>> that's right. lots of us have to file status reports or things that come every week or every month. the people who are reading it, your audience doesn't want a ten-page exegis on this subject. if you spend time to do the ten-pager, you've just wasted your time. the key is to figure out what does your audience want? do they want a-plus work or "b" work? and in things like status work, all they want is "b" plus work. if you're spending more time, you're wasting it.
>> i think men are better at this. i think women need to learn to be less perfectionists, spend less time being perfect and just get it done. that's what guys do. they hand in "c" work and then talk about it.
>> or just throw away assignments.
>> al, you've got a crazy schedule. you work around the clock, seven days a week. how do you prioritize?
>> i mean, i think he's right. i write out -- i don't do it weekly. i do it daily. the three or four things that i need to get done, and i try to remain focused on that. so between the television show , the radio show and national action network , i would go crazy if i tried to do all the minute little things . you have to set priorities and you have to be disciplined enough to stay focused on. and you check off. did i get this done? did i get this done? because you'll find yourself, if you don't do that, having achieved a whole lot of nothing, and not achieving the main things you need to get done.
>> and i like your approach of every night, reconsider, which things did you do, and which things didn't you do? and then you move it forward.
>> i think for somebody wanting to be productive, i think the key here is you said something at the very beginning. i almost interrupted you to underline it. but al just did it for me. write it down.
>> write it down. i'm not an organized guy naturally. and the only -- i started succeeding when i started writing my goals down. and like you, i was me naniacal. i knew if i didn't have a piece of paper -- in fact, when i was in congress, the only thing that worked for me -- again, because i'm so disorganized in nature, i said, what's my one goal for the year? and then i backed it up. what's my goal for each quarter? then i backed it up, what's my goal for the first three months inside that quarter? and that's the only way -- there was one organizing principle, and it fed into everything. but that would have never happened if i hadn't written it down.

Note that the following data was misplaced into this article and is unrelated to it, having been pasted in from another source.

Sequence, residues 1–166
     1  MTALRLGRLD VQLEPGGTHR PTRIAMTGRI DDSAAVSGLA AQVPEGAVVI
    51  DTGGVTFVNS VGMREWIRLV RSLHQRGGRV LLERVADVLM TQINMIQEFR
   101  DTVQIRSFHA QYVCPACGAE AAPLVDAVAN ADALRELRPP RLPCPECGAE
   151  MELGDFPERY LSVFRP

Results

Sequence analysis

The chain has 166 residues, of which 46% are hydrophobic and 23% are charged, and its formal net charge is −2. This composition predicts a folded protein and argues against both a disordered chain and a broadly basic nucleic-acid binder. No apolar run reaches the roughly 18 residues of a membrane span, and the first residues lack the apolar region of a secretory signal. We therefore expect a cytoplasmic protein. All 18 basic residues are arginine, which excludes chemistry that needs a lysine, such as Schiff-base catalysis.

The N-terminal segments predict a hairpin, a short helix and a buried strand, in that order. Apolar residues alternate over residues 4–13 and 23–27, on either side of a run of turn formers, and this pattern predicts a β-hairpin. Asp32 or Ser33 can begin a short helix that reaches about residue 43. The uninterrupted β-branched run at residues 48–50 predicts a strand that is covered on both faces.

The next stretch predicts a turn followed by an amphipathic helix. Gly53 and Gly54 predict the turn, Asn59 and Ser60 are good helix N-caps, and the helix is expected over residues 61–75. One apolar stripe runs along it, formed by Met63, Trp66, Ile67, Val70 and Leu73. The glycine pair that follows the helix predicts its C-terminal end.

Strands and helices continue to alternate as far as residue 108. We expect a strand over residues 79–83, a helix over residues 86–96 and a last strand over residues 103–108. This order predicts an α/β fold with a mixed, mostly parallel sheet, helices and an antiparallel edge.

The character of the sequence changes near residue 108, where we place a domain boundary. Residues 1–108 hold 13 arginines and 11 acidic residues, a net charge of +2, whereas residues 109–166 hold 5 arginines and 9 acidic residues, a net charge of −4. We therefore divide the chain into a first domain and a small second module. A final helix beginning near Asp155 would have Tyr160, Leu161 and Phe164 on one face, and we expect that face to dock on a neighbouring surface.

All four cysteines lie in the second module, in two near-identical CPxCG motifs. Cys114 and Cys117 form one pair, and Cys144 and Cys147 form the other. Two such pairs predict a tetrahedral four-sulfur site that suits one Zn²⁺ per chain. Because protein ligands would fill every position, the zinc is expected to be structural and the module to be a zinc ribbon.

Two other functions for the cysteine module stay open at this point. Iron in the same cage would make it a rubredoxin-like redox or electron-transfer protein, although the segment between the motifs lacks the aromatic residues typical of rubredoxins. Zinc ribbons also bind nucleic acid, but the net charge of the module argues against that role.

>> you're right. and here's another exercise that i suggest in "extreme productivity." write down your goals and then take your average week and see what you spend your time on, how much time you spend on meals, sleep, how much time you spend commuting. how much time you -- how many hours a week are you spending for your four top goals?
>> this is very important for mike barnicle because you've got fantasy baseball , right? sitting in the car in the back seat sleeping.
>> central park .
>> central park bench.
>> walking through central park and finding a bench.
>> might be overdoing that.
>> do you have a pie chart that breaks it down?
>> i write down all these goals daily. i write down what time i'm going to the park, what costume i'm going to work, whether camouflage will work. what games will be on that particular night and what trades i want to make in fantasy baseball . i write that down every single day. every single morning.
>> here's --
>> a better life than us, i'll tell you what.
>> here's the interesting thing. i've done this for a lot of audiences. i've never found one where they use more than half their time on their top-priority goals. almost all of them have less than half their time on their priority goals.
>> and people really struggle with that. they don't realize how hard you have to work to stay on those top goals.
>> it's work.
>> it is work.
>> it's a constant challenge. all right. thank you so much. it's always great to have you here.
>> thank you very much.
>> "extreme productivity: boost your results, reduce your hours." bob pozen, thank you so much.
>>> coming up, historian douglas brinkley will be here. we'll be